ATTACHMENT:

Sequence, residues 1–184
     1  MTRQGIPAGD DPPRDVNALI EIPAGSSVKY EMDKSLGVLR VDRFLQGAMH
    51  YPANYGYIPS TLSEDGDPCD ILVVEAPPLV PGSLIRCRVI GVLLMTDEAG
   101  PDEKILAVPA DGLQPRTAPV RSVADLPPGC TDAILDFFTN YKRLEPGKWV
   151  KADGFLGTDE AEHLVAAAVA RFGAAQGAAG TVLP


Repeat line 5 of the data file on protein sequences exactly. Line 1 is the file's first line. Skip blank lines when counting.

   151  KADGFLGTDE AEHLVAAAVA RFGAAQGAAG TVLP